My Mama lived at home in my big and noisy family when I was growing up and is a big part of who I am today. I’ve been feeling a little emotional about my lovely Mama of late, so you might find this post a bit of a departure from my usual cheerful style. I also wrote it in present-tense-second-person for no good reason. Deal with it.
Last night I visited you in hospital. You have a brand-new hip now, but I don’t think you understand that. Lost in a bewilderment of tubes and bleeping machines and white linen, you look so small. You have always been little. We used to tease you about it. In the noise and laughter of our dinner table, you would stand up to get our attention and bang on the table to cancel out the five-conversations-at-once. We would giggle and say, “Mama has an announcement! Stand up, Mama! Stand up!” And you would laugh and swat at us with your napkin and call us cheeky. But now, in that bed so high off the ground, you look tiny. Like a baby bird, too weak to fly.
Harry is excited because he can see a train out of your window. The hospital is next to the train station. I remember when I was a little girl, you would take me on the train with you on your excursions to Town. How we would emerge from the exciting, subterranean station, pay a visit at St Francis’ church, and wander through the department store wonderlands so you could run your errands. After this, if I had been good (and you always thought me good) we would have a special treat for lunch before catching the train back home.
The train pulls away, a snake of lit windows in the night, and Harry and Christopher Robin wave at it. You don’t like this hospital. You hate being sick. When I was a little girl, I loved being sick. You would bring me downstairs to your big Queen Anne bed and bring me cups of tea and fried eggs on a tray with flowers. After lunch, you would perch on the bed with me and watch your “serials’, Days of Our Lives, The Young and The Restless. You thought them very silly, but you never missed an episode.
Last year, when things got really bad, the doctor said you would have to live in a nursing home, where you could have full-time care. We had all thought you would live at home forever. We had never realised that one day that would become impossible. In my grief, I swung into action mode and sought comfort in lists and research and pros and cons. The home you live in now was number one on our list. Tall trees, warm nurses, close community, fun activities. But it’s not home. And you know that and we know that.
The hospital confuses you. “Is that George over there? That can’t be George can it?”. It isn’t George. George is one of the other residents at Cottage Four who has a great-grandson just Harry’s age. Actually, George isn’t even George. His name is really Walter, but you’re never one to let silly facts like these get in the way. Walter just doesn’t realise his name is actually George. Christopher Robin says that you’ve given Walter a nickname and I find it hard not to call him George myself sometimes.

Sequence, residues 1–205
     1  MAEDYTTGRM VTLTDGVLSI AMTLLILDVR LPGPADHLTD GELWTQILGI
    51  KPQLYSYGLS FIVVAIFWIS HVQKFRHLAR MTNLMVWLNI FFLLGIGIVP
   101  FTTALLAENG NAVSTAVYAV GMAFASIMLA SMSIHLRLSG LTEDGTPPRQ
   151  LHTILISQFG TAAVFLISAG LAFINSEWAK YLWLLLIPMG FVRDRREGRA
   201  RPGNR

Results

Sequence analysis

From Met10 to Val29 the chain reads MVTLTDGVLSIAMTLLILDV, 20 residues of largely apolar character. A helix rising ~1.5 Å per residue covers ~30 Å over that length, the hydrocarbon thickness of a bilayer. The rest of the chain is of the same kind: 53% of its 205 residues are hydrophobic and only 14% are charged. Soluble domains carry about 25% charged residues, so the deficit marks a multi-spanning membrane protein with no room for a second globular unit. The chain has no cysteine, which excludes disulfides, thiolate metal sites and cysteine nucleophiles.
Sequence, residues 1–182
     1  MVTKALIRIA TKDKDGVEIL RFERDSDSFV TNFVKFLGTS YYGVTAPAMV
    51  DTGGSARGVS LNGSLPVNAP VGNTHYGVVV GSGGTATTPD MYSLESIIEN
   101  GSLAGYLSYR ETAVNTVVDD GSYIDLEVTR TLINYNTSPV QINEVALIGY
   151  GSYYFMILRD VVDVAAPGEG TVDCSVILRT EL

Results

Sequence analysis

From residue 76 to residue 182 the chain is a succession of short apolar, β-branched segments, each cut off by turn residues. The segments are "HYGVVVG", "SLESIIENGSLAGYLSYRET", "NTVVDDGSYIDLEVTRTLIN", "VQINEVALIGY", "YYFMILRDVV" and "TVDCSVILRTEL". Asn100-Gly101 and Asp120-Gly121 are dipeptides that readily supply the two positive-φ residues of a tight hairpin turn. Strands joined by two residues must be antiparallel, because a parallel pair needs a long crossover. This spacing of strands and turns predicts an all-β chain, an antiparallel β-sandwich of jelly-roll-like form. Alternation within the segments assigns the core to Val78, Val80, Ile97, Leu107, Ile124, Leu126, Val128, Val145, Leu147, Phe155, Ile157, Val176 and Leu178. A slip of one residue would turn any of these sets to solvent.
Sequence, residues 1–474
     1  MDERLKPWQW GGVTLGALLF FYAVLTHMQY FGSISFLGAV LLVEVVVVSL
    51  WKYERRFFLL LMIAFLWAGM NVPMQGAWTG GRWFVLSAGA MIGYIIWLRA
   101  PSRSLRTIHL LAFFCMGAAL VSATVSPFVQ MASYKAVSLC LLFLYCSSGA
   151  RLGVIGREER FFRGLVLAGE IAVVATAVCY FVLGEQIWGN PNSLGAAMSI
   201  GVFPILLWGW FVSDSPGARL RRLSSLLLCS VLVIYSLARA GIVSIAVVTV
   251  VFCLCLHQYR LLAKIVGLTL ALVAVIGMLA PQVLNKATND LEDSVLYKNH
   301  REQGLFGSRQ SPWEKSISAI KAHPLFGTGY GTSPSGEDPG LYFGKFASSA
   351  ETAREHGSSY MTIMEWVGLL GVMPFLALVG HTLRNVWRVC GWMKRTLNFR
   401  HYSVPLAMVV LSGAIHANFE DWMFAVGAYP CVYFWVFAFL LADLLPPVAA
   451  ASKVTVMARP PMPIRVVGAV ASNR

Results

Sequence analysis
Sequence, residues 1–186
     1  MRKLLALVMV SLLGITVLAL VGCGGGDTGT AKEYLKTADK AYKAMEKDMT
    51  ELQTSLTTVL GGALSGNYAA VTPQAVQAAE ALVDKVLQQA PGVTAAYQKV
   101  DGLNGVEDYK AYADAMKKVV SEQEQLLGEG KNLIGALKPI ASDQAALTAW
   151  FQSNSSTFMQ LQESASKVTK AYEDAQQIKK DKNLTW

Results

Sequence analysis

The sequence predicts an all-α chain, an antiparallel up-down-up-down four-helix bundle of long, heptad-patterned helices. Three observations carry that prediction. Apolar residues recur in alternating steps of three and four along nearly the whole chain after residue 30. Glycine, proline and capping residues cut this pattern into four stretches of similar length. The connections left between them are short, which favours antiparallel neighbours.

You’re getting tired, it’s time for us to go. Harry bounds over to give you a hug and a kiss and Annie bounces in her dad’s arms saying “Mama!”. Christopher Robin gives a small, sad smile and a wave and Matilda lingers reluctantly at the foot of the bed. But you don’t notice this. “You have a beautiful family, you should be very proud” you murmur sleepily. Pride in your grandchildren used to be a full-time sport for you. If one of us came home with a glowing school report or a certificate from a science competition or pretty much anything with a gold star on it, you would whisk it away to some hiding place in your room, only to mysteriously produce it again whenever important visitors came around. It was so embarrassing. But you had the sort of personality that could get away with anything.
Matilda is subdued in the car ride home and as I tuck her into bed, she is crying. “I wish Mama was living at home with Grandma again.” she whispers. Matilda remembers what you were like before, when you were only a little bit forgetful. We talk about the little impulsive gifts you bought her and the special lunches at the food court of the local shopping centre. By now we’re both crying, but it’s dark, so it’s not so bad. “I know it’s harder for you, Mum”, Matilda sniffles, “because you’ve known Mama for longer. But it’s still hard for me.”
I want to say something really wise. To talk, maybe, about how some goodbyes are swift and jarring, whilst others are slow and gentle. To reflect on the ways in which love and relationship can transcend language and intellect and even memory. But the words won’t come, so instead I hold Matilda tight and smell her beautiful hair. And we stay like that for a very long time.
The title of this post is a warning to my older brother. In Japan, public displays of emotion are kind of frowned upon. Except that frowns are too expressive for Japanese public transport. My brother complains when my posts make him laugh out loud when he’s on the train. It makes everyone around him quietly tense. If he were to get a little teary, his morning commute would get very uncomfortable.
Sometimes I wonder what would have happened if Mama had known about my blog. Mama was never tech-savvy at the best of times, but I can imagine her brandishing print-outs of my best work to distribute amongst all her Church Lady Friends. I can hear her hassling the parish priest after Mass: “Did you know Katie got a Liebster award last week? Let me give you something to read…”